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Year 3 Language and Literature

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Daedalus and Icarus - A Myth from Ancient Greece

daedalus and icarus

As we read in the ancient Greek myth 'Theseus and the Minotaur' in Year 3, the master inventor Daedalus designed the Labyrinth for King Minos. Daedalus also showed Ariadne how Theseus could escape from the Labyrinth. When King Minos found this out, he was so angry that he threw Daedalus in the Labyrinth, along with his young son, Icarus [IK-ar-us]. Not even the man who invented the Labyrinth could find his way out of it. He had no ball of string to help him! Would the father and son die there? No – for when Daedalus saw the seagulls flying overhead, he got an idea.

Little by little, he gathered many feathers. He fastened them together with wax, and so made two pairs of wings like those of a bird. He put one pair on himself and the other pair on Icarus. He showed his son how to move his arms and catch the wind with his wings.

'Now, son,' he said, 'let us fly away from here. But listen carefully. Do not fly too high, or you will get too close to the sun and the wax on your wings will melt.'

Daedalus and Icarus flew up out of the Labyrinth, over the sea and away from the island of Crete. 'Oh,' cried Icarus, 'it's wonderful to be free and flying through the air!'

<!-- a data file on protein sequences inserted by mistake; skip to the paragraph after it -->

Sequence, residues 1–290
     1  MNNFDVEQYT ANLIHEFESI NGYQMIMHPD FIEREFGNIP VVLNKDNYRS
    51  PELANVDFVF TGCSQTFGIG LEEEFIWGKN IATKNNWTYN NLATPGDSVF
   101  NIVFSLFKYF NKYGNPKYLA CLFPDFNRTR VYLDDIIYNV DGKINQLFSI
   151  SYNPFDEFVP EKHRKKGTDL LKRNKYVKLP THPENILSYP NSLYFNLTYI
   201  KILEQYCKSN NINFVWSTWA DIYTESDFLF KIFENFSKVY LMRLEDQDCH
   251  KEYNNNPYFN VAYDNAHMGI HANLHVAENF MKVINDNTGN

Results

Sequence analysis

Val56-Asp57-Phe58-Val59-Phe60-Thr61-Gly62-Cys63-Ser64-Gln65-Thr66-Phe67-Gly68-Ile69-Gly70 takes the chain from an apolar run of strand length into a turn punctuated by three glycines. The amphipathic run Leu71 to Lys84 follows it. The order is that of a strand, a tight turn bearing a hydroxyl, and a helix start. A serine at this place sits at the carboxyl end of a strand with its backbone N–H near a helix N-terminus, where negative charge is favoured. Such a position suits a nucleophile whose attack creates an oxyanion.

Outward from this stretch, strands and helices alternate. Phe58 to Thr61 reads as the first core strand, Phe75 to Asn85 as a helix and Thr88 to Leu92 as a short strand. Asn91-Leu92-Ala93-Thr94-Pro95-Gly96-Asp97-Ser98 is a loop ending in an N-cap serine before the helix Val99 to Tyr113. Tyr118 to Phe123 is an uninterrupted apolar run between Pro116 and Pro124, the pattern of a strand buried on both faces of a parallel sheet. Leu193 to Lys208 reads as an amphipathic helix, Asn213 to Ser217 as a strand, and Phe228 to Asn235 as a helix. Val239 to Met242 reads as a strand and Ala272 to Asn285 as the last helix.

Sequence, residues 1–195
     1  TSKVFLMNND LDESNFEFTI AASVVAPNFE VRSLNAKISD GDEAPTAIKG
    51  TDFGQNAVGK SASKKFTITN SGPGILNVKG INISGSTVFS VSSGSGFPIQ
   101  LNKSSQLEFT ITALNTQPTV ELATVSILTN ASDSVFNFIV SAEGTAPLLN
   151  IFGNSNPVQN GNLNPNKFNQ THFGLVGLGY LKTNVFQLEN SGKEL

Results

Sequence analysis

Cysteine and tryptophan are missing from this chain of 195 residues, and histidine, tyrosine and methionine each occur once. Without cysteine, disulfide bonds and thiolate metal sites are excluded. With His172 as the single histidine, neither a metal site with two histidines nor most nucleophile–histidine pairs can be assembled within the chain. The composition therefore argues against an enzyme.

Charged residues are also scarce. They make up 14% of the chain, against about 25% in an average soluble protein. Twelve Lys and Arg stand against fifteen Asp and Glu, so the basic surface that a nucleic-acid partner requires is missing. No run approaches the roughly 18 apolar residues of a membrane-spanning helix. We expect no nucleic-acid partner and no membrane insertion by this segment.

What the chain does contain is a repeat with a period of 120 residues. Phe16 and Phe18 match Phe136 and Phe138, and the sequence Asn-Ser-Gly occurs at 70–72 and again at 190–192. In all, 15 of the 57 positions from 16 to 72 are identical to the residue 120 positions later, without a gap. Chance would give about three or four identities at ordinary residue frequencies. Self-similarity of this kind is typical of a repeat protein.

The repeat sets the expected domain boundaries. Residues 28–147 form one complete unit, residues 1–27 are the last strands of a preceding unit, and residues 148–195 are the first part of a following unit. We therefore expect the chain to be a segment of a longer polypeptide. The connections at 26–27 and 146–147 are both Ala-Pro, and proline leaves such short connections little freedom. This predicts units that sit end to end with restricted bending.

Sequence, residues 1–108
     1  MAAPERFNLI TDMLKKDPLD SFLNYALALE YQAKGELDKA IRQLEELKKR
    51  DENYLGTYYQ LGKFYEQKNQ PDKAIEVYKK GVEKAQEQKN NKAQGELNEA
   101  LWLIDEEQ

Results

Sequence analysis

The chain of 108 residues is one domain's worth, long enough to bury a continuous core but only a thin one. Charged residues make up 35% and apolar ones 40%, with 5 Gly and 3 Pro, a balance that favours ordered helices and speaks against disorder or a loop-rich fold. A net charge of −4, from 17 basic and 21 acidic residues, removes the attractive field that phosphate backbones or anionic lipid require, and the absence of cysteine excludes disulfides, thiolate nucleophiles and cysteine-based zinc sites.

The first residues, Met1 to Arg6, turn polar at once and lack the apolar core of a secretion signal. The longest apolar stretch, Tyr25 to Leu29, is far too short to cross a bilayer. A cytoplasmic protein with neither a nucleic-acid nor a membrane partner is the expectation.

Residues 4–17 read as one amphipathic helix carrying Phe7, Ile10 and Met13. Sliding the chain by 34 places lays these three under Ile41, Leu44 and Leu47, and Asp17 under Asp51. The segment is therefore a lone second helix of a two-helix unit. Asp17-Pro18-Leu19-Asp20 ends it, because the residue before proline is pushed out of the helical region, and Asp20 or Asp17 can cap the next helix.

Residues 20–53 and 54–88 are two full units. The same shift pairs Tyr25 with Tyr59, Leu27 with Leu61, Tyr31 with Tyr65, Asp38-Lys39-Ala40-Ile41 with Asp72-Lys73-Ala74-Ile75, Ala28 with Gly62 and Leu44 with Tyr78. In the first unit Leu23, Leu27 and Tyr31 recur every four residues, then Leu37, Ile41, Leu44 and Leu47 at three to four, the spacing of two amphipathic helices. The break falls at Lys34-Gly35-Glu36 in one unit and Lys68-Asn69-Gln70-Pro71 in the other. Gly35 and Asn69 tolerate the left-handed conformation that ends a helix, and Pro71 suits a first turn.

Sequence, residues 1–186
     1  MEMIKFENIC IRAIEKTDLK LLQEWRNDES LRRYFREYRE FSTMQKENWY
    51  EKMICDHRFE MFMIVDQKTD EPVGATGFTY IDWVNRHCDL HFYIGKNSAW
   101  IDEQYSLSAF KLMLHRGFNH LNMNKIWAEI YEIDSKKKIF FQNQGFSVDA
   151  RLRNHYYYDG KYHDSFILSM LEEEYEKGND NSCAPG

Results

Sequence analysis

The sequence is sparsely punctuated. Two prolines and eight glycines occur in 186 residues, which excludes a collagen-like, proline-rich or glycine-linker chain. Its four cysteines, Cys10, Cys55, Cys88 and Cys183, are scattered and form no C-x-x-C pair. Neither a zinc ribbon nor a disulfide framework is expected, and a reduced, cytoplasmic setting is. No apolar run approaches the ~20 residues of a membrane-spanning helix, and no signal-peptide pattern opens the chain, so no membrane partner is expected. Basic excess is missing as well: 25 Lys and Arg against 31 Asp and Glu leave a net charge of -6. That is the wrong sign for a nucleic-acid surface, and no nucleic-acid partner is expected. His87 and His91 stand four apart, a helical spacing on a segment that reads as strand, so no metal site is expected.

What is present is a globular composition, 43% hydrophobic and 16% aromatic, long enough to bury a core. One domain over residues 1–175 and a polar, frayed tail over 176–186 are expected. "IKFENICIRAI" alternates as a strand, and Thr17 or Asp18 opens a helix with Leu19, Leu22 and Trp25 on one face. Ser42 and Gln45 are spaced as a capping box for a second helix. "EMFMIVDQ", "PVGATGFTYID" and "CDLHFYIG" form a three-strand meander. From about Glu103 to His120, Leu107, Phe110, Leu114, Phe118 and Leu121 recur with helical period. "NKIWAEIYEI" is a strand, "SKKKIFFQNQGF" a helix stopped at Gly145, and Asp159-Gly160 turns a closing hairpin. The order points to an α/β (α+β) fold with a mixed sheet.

'Yes,' said Daedalus, 'but do not fly too close to the sun.'

A puff of wind lifted Icarus up. He was so excited that he forgot what his father told him. Higher and higher he flew, toward the highest heavens. The warm sun began to melt the wax and, one by one, the feathers fell from his wings. Then down, down, down fell Icarus into the sea. Daedalus cried out in grief as he saw the waters close over his son far below.


This activity is from page 76 of What Your Year 3 Child Needs to Know, which can be purchased here. This activity has cross-curricular connections: click below to see the related activities.

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